For 17 years, children of all ages — from babies to pre-teens — have found a foster home and a mother with Nuemy “Mimi” Madrigal.
The City of San Fernando resident has given her love willingly to any child who needs it, and even adopted a set of twin girls who have grown up with the family.
For Madrigal, being a foster mother means helping a child in need — when they need it most.
Her journey as a foster mom began in 2004 when she found herself at home after being laid off from the law firm where she worked for 20 years. She began to think about what she wanted to do next.
“I told myself ‘I don’t want to get locked up in an office,” Madrigal remembered.
She had always liked children and had two of her own — Erica and Peter, who were out of high school or about to finish.
So Madrigal “did her homework” and thought about fostering kids. She had the space in the house and, with the support of her husband Pedro, began to welcome children into her home.
At age 42, Madrigal began to change diapers again and caring for little ones.
“I started all over again. I loved it. I always loved kids. I always cared for my nieces and nephews,” she said.
Some children have stayed with her for some weeks, others for several months, and two of them all of their lives.
The Family Adopts
Thirteen years ago, Madrigal got a call asking if she wanted to become foster mom to a set a newborn twin girls. She jumped at the chance.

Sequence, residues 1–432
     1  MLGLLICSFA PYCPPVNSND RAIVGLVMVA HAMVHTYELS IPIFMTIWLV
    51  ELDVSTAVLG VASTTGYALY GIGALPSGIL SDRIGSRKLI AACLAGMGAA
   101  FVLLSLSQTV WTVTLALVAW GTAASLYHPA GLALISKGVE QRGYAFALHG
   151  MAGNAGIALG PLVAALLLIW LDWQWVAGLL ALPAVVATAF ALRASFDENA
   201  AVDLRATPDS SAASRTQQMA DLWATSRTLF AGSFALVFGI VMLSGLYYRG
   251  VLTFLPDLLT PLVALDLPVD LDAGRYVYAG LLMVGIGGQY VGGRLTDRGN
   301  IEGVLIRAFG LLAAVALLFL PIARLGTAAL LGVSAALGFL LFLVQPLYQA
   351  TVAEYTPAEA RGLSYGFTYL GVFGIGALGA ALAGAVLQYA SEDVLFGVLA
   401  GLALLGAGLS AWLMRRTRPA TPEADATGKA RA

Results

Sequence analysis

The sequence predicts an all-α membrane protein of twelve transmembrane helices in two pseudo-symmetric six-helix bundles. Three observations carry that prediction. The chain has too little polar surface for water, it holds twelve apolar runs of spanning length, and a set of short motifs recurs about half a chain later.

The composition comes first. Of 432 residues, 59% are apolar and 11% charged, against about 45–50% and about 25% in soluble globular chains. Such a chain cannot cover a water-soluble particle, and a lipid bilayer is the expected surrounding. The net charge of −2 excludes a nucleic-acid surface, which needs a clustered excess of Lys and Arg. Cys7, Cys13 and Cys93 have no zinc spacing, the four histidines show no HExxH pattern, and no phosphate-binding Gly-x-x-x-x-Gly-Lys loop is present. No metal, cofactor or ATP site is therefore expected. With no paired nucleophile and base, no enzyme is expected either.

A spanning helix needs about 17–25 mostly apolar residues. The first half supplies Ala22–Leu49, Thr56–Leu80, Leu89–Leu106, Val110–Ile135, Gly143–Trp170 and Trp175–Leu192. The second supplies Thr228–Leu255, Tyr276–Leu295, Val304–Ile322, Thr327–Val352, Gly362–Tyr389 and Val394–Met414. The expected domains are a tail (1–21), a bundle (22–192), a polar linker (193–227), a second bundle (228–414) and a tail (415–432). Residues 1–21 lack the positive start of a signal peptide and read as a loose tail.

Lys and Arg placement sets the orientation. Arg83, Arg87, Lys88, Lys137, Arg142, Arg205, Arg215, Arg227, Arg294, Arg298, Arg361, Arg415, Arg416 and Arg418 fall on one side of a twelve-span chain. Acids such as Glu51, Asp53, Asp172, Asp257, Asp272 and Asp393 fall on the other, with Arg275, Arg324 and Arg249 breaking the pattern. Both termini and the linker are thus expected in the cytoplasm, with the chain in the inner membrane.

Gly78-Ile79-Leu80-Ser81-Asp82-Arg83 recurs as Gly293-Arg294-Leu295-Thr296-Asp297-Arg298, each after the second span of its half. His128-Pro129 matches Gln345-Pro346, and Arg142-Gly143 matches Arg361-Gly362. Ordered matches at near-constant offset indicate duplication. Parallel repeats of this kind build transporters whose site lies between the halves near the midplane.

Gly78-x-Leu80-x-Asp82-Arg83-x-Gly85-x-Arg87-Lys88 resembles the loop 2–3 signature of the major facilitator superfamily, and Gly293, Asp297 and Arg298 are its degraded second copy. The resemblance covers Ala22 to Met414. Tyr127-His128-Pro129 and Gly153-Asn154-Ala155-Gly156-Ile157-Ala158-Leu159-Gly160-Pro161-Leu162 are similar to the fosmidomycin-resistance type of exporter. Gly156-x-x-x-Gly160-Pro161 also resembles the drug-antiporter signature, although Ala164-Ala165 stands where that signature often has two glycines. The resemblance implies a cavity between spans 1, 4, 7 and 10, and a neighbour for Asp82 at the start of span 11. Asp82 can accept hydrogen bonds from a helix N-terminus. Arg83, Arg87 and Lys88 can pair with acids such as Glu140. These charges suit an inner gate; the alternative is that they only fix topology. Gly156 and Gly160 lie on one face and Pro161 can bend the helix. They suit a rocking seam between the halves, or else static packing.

She fostered the girls for a year and half, and was then they were told they would be put up for adoption.
By then, Mimi had fallen in love with the twins and couldn’t see herself apart from them.
“We said, ‘They don’t know anybody but us,’” Madrigal said.
She and Pedro decided to adopt them. But they talked with their biological kids to get their opinion. Both Erica and Peter “were supportive” of the idea, Madrigal said.
“We talked with each other and then we talked to the kids,” Mimi recalled, noting her son and daughter were supportive of the idea.
“We were happy. And how often do twins come around?” she said.
Twins Amber and Ava—who turn 13 in June—have grown up with the Madrigals, who during all this time have not stopped fostering other kids. The girls currently share the home with a 10-year-old autistic boy who’s been there for a year and a half.